Westminster frees MBA program from classroom
By Brian Maffly
For years, Michael Bassis heard from executives who were not that happy with graduates from traditional master’s of business administration programs.
Fresh MBAs knew business concepts, but not how to use them, nor did they possess many of the “soft” skills that go into leading a business, such as communication. At the same time, however, the costs of earning the degree have gone through the roof, leaving many families wondering whether they were getting much value.
So the Westminster College president set out to “build a better mousetrap” for professional business education at his private Salt Lake City school. The result is a “project-based” program that teaches business skills and concepts by doing, rather than lecturing, in what Bassis calls “a radical departure from traditional instructional practices.”
The experiment yielded its first harvest this summer. In partnership with Donghua University in Shanghai, Westminster graduates its first cohort of 10 Chinese MBA students Saturday, two months after it awarded MBA degrees to 37 graduates through the project-based program on its Utah campus.
“Evidence suggests the program is working better than we ever hoped. Students are taking a greater sense of ownership in their learning. Faculty are clear that learning has increased dramatically,” Bassis said from China in an interactive webcast on Friday.
And the model costs less because it frees faculty from the lecture podium and testing to instead coach students.
“Their role is no longer the sage on the stage, but the guide on the side,” he said. “We deliver a highly personalized experience with strong outcomes at low cost.”
Project-based learning has drawn plaudits in the forthcoming book The Innovative University: Changing the DNA of Higher Education from the Inside Out, co-written by Clayton Christensen, a Harvard business scholar famous for his theories about “disruptive” technologies. The co-author is Henry J. Eyring, vice president for academics at Brigham Young University Idaho.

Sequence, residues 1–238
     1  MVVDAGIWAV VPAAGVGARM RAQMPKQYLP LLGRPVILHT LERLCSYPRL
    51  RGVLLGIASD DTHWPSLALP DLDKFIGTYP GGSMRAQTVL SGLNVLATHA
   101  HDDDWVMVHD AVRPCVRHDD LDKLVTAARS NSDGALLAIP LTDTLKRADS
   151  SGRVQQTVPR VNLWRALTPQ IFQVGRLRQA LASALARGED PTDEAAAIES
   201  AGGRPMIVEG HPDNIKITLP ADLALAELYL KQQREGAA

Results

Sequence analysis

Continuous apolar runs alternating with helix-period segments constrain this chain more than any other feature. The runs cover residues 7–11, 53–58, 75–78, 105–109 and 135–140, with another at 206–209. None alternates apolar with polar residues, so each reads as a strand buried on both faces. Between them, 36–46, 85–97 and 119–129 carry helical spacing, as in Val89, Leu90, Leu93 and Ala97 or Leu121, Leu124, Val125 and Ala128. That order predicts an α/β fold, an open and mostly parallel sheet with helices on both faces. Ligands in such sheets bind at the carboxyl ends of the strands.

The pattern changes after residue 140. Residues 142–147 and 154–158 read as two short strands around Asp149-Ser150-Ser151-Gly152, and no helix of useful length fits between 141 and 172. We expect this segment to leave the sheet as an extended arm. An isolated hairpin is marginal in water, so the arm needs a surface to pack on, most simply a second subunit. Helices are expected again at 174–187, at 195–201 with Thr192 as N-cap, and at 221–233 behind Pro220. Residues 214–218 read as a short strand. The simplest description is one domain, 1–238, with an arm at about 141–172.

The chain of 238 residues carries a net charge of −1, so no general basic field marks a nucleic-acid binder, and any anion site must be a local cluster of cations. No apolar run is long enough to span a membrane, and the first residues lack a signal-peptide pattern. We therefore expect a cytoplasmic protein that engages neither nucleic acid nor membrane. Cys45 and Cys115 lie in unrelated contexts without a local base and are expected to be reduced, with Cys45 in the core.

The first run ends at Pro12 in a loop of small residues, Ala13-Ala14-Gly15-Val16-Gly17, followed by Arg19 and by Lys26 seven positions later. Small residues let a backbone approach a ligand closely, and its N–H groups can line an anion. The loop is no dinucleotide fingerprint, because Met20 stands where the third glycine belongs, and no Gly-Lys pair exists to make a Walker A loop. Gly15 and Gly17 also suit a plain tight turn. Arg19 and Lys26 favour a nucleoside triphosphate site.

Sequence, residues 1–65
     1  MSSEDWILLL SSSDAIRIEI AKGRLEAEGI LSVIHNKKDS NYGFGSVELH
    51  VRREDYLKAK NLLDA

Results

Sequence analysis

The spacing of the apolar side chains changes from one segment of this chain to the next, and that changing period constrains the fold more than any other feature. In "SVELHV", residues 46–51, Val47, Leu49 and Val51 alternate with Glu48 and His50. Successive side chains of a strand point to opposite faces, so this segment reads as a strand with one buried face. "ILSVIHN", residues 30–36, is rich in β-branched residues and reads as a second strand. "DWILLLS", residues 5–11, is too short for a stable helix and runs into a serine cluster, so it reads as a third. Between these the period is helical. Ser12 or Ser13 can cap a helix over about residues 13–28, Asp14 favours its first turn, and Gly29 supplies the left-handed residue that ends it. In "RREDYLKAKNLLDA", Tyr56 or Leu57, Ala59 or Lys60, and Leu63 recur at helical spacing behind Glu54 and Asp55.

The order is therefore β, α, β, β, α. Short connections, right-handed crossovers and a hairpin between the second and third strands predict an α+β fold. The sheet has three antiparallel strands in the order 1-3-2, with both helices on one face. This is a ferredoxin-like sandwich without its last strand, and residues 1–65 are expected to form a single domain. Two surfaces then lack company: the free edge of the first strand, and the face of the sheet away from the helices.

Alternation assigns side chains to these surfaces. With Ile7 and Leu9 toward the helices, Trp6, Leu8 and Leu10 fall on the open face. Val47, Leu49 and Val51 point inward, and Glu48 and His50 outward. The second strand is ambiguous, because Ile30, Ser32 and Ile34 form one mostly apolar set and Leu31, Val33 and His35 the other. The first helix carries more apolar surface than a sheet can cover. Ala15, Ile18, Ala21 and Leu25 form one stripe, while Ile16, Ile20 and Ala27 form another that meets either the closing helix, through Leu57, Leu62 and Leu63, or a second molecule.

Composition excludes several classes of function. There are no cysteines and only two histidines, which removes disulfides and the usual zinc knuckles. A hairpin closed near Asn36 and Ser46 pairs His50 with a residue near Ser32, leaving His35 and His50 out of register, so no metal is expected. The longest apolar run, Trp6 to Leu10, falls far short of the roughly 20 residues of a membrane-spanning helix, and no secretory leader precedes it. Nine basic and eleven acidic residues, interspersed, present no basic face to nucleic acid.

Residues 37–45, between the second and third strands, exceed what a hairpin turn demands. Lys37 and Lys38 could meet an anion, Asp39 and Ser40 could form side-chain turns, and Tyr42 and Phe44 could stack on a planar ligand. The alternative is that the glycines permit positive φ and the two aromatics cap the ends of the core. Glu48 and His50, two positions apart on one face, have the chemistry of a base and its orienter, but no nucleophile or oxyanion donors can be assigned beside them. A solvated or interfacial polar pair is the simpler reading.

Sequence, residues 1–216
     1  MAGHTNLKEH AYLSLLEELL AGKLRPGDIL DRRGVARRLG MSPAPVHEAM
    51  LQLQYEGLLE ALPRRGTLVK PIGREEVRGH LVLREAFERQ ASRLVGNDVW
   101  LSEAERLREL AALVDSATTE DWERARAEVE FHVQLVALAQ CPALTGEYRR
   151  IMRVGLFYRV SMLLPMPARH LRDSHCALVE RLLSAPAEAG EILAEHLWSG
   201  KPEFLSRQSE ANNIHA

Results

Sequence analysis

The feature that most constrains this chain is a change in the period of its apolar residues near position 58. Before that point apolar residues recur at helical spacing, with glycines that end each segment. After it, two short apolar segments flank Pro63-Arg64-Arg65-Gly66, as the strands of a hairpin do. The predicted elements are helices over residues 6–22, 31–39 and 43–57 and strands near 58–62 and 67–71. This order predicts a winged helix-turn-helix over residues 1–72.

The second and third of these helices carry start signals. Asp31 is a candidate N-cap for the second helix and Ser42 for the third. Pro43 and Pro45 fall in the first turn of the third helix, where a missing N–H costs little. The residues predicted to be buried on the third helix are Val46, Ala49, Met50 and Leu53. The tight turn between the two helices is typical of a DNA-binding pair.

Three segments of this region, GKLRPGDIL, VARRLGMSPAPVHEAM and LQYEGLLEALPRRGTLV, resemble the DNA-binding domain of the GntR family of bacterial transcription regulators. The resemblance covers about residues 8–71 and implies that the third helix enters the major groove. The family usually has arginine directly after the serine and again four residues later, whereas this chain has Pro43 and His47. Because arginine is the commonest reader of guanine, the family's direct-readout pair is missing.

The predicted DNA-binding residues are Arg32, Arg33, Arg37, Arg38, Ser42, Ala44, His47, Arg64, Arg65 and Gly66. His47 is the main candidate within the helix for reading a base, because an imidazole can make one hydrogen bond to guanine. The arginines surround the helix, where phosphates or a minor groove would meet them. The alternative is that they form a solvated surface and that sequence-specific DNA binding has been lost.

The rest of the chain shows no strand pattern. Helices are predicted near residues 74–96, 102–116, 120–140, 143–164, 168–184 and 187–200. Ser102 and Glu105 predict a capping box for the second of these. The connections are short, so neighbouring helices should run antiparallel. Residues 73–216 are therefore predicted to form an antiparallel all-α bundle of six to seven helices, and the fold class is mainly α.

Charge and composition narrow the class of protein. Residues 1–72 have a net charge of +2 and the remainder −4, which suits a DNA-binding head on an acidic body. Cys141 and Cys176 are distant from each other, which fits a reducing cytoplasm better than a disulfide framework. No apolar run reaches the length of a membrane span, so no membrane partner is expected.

The “experiential” concepts behind the new Westminster initiative can also be seen in other programs, such as The Foundry at the University of Utah and the Huntsman Scholars program at Utah State University. But Westminster has gone furthest, liberating an entire master’s program from the classroom.
Student Chris Hoffman bailed on his work toward a master’s degree of professional communications to sign up for the project-based MBA program last year.
In his traditional program, he had to take Web design courses even though he had been building sites for 12 years. There was no option to demonstrate proficiency and move on, as is the case in the new program.
“The first thing I like is the flexibility. I get to spend time with my family because I don’t have to carve out times every week to be in class. The second thing is it’s so practical. Everything I learn I can bring into my work to apply the next day,” said Hoffman, who works as information manager for Westminster’s Division of New Learning.
Westminster separately continues to run Utah’s largest traditional MBA program, which awarded 133 degrees this year.
The project-based program is geared toward working students who already have business experience. Executives at one Utah business who sent several junior employees through the program are pleased with their progress, according to Aric Krause, a Westminster business professor who serves as dean over the college’s Division of New Learning.
Several other students started businesses while in the program.
The program spans five semesters, each framed around a “residency,” a two-day seminar with professors. Graduates complete 25 projects that require tasks such as market analysis, financial analysis and formulating strategies.
“It’s no longer a ‘Cs-get-degrees’ mentality where you cram all this information. It applies practically to what you do in the work place,” said student Joe Romney, a quality-assurance specialist at Morgan Stanley.
Students proceed at their own pace and have online access to project materials. Romney, who has two small children at home, said he sometimes had Google chats with his professors at 11 p.m.